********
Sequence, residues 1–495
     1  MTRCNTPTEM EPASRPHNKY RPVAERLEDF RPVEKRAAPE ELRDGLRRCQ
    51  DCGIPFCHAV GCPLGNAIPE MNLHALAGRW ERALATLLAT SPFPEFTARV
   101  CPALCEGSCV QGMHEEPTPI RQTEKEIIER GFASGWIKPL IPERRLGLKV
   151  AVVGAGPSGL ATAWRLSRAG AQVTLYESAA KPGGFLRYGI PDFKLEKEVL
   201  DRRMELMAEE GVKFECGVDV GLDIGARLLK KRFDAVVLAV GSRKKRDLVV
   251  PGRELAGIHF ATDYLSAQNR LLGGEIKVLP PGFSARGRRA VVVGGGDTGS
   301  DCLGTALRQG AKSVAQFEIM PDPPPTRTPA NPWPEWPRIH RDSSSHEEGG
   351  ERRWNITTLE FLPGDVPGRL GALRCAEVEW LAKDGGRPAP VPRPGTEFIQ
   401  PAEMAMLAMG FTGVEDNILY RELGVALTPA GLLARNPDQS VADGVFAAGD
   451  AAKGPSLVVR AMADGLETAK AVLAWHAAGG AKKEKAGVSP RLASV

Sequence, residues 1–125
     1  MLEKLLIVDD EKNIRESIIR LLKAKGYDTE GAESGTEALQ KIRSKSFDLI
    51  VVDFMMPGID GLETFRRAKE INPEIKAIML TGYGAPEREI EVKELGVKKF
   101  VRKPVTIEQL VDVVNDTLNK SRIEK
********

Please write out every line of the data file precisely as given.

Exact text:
Sequence, residues 1–495
     1  MTRCNTPTEM EPASRPHNKY RPVAERLEDF RPVEKRAAPE ELRDGLRRCQ
    51  DCGIPFCHAV GCPLGNAIPE MNLHALAGRW ERALATLLAT SPFPEFTARV
   101  CPALCEGSCV QGMHEEPTPI RQTEKEIIER GFASGWIKPL IPERRLGLKV
   151  AVVGAGPSGL ATAWRLSRAG AQVTLYESAA KPGGFLRYGI PDFKLEKEVL
   201  DRRMELMAEE GVKFECGVDV GLDIGARLLK KRFDAVVLAV GSRKKRDLVV
   251  PGRELAGIHF ATDYLSAQNR LLGGEIKVLP PGFSARGRRA VVVGGGDTGS
   301  DCLGTALRQG AKSVAQFEIM PDPPPTRTPA NPWPEWPRIH RDSSSHEEGG
   351  ERRWNITTLE FLPGDVPGRL GALRCAEVEW LAKDGGRPAP VPRPGTEFIQ
   401  PAEMAMLAMG FTGVEDNILY RELGVALTPA GLLARNPDQS VADGVFAAGD
   451  AAKGPSLVVR AMADGLETAK AVLAWHAAGG AKKEKAGVSP RLASV

Sequence, residues 1–125
     1  MLEKLLIVDD EKNIRESIIR LLKAKGYDTE GAESGTEALQ KIRSKSFDLI
    51  VVDFMMPGID GLETFRRAKE INPEIKAIML TGYGAPEREI EVKELGVKKF
   101  VRKPVTIEQL VDVVNDTLNK SRIEK